An interesting case of estate law this winter involved the iconic character Sherlock Holmes. Sir Arthur Conan Doyle, late author of the Sherlock stories, has an estate run by nine descendants.

They attempted to block a new anthology from being published, because it contained elements of later stories that won’t enter copyright domain until 2022. The family said even the use of Holmes and Watson required a license. The judge, however, ruled that the story elements were so familiar at this point as to be public and not limited to the story.

Planning for Your Family

When it comes to good estate planning, having a working knowledge of future deadlines and timelines is important, whether you’re an author or a parent. If your children are under 18, for example, you should make sure there is clear guidance in place for how they will be taken care of in the case of your death. A will is required to name guardians for children, and a revocable living trust can be used to make sure children are provided for over time, rather than being handed a one-time chunk of money.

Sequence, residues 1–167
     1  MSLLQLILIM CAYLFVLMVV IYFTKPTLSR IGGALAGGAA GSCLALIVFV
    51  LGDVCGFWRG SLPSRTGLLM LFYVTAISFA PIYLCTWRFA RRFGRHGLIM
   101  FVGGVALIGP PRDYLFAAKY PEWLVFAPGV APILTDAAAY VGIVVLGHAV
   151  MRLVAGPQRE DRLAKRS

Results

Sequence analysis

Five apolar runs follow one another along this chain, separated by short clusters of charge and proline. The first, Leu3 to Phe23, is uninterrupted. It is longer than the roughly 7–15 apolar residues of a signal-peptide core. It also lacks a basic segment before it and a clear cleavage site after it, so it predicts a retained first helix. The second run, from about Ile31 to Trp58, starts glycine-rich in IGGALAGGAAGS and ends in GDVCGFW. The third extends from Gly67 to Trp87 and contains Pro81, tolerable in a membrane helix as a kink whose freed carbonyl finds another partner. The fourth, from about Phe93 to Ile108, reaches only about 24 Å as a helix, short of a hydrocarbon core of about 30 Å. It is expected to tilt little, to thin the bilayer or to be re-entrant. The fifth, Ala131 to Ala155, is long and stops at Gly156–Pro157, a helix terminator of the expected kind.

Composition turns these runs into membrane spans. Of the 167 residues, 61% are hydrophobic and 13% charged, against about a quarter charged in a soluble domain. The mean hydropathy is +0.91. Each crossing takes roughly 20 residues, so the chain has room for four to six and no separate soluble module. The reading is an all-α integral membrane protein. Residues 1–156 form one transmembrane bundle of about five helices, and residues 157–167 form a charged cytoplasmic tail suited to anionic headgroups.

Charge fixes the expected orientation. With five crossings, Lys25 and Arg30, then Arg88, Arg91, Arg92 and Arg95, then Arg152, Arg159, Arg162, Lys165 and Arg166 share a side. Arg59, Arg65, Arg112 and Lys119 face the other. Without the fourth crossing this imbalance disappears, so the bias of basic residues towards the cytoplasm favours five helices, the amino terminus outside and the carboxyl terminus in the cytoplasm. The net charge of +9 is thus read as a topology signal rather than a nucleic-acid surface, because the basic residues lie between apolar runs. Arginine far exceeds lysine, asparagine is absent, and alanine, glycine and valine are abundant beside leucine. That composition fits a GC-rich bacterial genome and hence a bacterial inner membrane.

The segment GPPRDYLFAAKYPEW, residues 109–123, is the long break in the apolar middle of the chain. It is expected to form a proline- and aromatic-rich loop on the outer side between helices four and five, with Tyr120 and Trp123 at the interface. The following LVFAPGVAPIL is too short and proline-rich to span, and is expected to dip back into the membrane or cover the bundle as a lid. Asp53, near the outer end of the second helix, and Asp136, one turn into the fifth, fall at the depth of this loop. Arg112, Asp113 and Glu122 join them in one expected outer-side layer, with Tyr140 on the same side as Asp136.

Planning for Your Business

You might not leave an iconic detective series behind, but what about a business you own? Estate planning is important here as well. Without establishing a clear path for what occurs after death, your business might become badly managed, or disband. In your will, you can include, for example, a “buy/sell” agreement, in which someone else has already agreed that, in the instance of your death, they will buy your business. This will assure that your heirs are provided for. You can also discuss with your estate planning attorney how taxes will be handled. Business laws dictate that death taxes can comprise a significant percentage of your business’s value. Certain IRS tax breaks, though, such as Section 303, can help to alleviate this tax burden if taken advantage of correctly.

You can also discuss the possibility of you and your partners establishing life insurance policies against each other. Many companies lack liquid assets that would allow them the capital to buy out the shares of a deceased partner; this capital, though, could come from life insurance.

Planning for Business AND Family

Running a family business can be tricky when it comes to dividing the business among heirs. If only some of your children will take over the business, do the others still receive an equal share? Do you want the involved children to buy out the ones who aren’t involved with the business? Work with an estate planning attorney to cement these details, so that there will be no confusion or arguments in the event of your passing.

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Carrie Russom Quraishi, JD, CAPP
Carrie provides personalized estate planning and wealth management services to clients in AR, TX & TN.